Oh and the Sirdars became the Managers, and the Managers became the Senior Managers, Department Heads, and CEOs, while the owners… well the owners remained the owners…



Wow what a movie! The kind that carries you, awakes certain thoughts in your head, and leaves you changed. Every wannabe teacher should watch this movie about the American teaching system. Ever dreamed about devoting your life to a job that makes a difference in the world? Have you ever thought what if you do your best and still fail? Will you be able to deal with the consequences? And what about your own baggage? Everybody has problems, life is hard, but to be able to forget everything and devote your whole life to a cause, however hard and unrewarding it might be, to do your best… this is what this movie is about.

Hitchhiker’s Guide to Offshore Industry in Mauritius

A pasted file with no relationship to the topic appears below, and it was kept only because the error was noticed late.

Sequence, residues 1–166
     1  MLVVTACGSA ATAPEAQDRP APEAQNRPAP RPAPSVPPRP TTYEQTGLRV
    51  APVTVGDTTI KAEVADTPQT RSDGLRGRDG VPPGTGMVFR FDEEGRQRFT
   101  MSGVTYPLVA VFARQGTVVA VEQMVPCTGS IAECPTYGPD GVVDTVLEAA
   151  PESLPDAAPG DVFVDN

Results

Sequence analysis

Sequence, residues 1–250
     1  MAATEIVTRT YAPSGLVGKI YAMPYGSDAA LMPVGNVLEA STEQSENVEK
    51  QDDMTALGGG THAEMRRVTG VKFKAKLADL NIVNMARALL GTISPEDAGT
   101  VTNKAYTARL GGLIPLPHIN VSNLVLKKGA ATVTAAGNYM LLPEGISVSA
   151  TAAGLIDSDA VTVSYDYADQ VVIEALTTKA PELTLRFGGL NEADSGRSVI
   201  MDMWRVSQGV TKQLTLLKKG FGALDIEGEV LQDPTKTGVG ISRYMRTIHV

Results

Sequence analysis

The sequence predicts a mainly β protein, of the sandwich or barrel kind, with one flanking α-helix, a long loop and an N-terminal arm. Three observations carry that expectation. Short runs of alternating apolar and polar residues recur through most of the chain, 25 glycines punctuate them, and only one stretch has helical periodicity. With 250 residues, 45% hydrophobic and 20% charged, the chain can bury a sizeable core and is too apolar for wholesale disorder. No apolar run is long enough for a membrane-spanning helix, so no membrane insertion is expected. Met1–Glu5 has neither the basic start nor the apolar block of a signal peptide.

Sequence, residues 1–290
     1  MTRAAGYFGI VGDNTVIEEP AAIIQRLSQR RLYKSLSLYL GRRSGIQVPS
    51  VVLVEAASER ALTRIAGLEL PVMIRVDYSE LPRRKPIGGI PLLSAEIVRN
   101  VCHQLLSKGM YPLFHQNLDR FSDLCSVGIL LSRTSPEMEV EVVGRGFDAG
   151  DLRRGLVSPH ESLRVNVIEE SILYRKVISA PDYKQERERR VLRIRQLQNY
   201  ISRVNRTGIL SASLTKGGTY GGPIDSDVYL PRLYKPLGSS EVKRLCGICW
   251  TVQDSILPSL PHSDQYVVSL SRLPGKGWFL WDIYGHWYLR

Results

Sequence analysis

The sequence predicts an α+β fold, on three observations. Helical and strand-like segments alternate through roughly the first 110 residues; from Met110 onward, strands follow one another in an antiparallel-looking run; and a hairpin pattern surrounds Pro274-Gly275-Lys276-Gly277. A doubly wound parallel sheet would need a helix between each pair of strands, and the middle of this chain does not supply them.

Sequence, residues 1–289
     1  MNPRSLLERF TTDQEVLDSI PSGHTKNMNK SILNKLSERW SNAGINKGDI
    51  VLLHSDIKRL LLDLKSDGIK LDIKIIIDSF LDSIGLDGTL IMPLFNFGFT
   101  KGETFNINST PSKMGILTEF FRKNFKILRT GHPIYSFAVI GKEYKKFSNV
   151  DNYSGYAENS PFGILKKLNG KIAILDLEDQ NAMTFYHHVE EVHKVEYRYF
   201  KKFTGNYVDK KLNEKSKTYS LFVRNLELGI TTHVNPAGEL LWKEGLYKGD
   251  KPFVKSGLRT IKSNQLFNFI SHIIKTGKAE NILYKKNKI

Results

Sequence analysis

ImageMost of you not working in the Offshore industry must have one day wondered, either from a newspaper article, or a fancy money laundering plot in a movie, what does Offshore really mean. Those of you outside Mauritius must perhaps be viewing it with a suspicious and curious mind while those of you in Mauritius must be thinking that working in Offshore must be a great way to earn loads of money quickly. Well… yes and no. This year I will (finally!) have worked 3 years in the offshore industry, and I should be in a better place to tell you more about it. I feel that this should be documented, as I have never read anything anywhere about offshore from the point of view of a critical, curious, gold-digger, not-keen-to-work-too-hard, feel-superior-than-everybody 26 year old point of view…